“Member States conferred ‘on the Security Council primary responsibility for the maintenance of international peace and security’. Therefore, the success or failure of the United Nations Security Council is on all the Member States of the United Nations”, highlighted Volkan Bozkir.
“And reform of the [Security] Council ultimately depends on you, the Member States. It is a member-driven process. Your commitment to negotiation is crucial,” the UN’s most senior elected official added.
Mr. Bozkir also underscored the need to ensure the widest possible political acceptance amongst the 193 Member States, with if not absolute unanimity, “near unanimity,” he stressed.
Mr. Bozkir was speaking at the twenty-seventh plenary meeting of the General Assembly on Monday, which discussed question of equitable representation on and increase in the membership of the Security Council and other matters related to the Security Council, item 127 on the Assembly’s agenda this session.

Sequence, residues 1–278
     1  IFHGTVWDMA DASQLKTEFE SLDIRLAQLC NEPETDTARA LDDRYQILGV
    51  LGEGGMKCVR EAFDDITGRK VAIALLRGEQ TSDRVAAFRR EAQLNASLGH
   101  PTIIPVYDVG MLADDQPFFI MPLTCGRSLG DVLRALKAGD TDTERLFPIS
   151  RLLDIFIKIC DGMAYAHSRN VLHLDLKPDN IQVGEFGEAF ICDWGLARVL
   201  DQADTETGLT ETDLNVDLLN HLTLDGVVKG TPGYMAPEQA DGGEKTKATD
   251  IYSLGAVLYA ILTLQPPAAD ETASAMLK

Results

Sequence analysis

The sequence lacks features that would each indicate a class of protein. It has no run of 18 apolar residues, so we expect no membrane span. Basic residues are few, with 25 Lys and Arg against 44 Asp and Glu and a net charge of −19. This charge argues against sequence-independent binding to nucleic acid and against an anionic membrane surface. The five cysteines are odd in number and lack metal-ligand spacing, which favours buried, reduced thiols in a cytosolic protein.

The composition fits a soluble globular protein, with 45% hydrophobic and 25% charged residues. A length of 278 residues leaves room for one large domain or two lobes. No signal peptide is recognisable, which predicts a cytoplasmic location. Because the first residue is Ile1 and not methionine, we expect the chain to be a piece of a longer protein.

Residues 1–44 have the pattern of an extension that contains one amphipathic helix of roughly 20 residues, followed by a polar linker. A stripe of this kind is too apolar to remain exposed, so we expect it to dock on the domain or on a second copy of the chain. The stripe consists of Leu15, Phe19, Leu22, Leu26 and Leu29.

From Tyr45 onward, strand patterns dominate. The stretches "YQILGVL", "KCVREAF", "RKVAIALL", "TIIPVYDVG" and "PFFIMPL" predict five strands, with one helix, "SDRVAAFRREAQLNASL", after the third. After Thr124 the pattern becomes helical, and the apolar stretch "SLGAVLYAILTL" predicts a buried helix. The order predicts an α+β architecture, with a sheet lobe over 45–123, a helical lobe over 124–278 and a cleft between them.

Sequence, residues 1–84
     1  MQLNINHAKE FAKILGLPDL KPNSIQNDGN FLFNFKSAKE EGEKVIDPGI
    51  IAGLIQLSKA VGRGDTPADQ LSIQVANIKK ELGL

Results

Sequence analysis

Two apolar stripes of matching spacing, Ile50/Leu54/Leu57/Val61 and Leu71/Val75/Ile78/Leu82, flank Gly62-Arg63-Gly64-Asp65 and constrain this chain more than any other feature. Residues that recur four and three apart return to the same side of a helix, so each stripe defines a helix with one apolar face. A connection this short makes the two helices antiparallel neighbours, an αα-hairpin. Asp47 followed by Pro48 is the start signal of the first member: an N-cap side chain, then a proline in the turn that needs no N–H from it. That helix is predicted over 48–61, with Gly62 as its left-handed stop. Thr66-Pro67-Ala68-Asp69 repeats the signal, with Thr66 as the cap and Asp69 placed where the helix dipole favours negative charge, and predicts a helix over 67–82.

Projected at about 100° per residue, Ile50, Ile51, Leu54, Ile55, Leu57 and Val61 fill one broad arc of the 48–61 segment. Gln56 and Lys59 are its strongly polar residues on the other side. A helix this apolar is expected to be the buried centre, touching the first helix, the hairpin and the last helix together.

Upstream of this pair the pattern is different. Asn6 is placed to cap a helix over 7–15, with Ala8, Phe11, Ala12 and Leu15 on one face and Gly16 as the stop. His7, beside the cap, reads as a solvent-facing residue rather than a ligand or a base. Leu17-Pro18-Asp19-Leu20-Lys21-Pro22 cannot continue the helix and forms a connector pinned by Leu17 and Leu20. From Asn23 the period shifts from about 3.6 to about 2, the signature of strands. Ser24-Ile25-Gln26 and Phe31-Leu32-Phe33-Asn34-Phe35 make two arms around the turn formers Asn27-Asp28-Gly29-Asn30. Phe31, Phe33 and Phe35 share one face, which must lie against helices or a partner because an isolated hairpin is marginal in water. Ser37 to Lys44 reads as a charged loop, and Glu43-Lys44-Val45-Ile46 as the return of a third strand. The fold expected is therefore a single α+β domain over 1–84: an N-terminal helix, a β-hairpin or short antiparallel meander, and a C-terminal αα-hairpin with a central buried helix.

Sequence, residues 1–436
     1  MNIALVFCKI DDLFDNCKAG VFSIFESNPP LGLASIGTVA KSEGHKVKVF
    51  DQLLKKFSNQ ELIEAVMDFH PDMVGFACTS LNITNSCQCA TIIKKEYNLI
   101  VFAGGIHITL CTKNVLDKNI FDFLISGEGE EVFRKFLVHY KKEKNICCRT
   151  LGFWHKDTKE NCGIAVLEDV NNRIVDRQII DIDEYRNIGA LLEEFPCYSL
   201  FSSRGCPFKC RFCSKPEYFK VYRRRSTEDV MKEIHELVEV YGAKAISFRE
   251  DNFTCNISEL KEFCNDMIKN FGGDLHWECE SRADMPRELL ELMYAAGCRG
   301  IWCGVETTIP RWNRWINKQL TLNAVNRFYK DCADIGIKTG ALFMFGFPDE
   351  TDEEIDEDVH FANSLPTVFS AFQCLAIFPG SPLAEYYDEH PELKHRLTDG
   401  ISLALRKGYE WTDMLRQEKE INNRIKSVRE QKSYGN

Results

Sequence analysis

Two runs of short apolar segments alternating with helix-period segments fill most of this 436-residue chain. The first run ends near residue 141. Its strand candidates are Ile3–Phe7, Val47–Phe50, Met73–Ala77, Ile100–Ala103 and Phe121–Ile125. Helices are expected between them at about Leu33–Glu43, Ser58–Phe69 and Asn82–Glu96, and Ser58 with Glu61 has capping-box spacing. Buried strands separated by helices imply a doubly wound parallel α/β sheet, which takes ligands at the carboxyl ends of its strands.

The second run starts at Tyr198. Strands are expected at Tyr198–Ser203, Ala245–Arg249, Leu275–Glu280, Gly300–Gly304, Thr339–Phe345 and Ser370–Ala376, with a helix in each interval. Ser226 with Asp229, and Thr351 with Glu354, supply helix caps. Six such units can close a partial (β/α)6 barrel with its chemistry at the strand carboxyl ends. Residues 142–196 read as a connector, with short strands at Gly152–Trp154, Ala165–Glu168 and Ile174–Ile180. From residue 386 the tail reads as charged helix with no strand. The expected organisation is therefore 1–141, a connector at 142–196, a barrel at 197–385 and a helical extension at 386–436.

Advancing the case
In his statement, Mr. Bozkir recalled prior discussions on the issue, and said that through active engagement and a pragmatic approach, “meaningful progress” can be achieved.
“I urge delegations to seek the broadest possible consensus on comprehensive reforms to the Security Council and to continue the efforts to resolve the main differences among the membership”, he said.
He also underscored the importance of the discussions as an opportunity to correct the problems of structure and functioning of the 15-member Security Council.
“It should not create new privileges and new problems,” he cautioned.
“Any reform, which is not Member State driven, is unlikely to make this organization, and its pillars, more effective and deliver the results we expect”.
Under different titles, the item has been on the agenda of the General Assembly since its eighteenth session. Most recently, in November 2019, the Assembly considered the item in a debate where statements were made by the President and 63 delegations.
The matter focuses on five issues, which include: categories of membership; the question of the veto; regional representation; size of an enlarged Security Council and working methods of the Council; and the relationship between the General Assembly and the Security Council.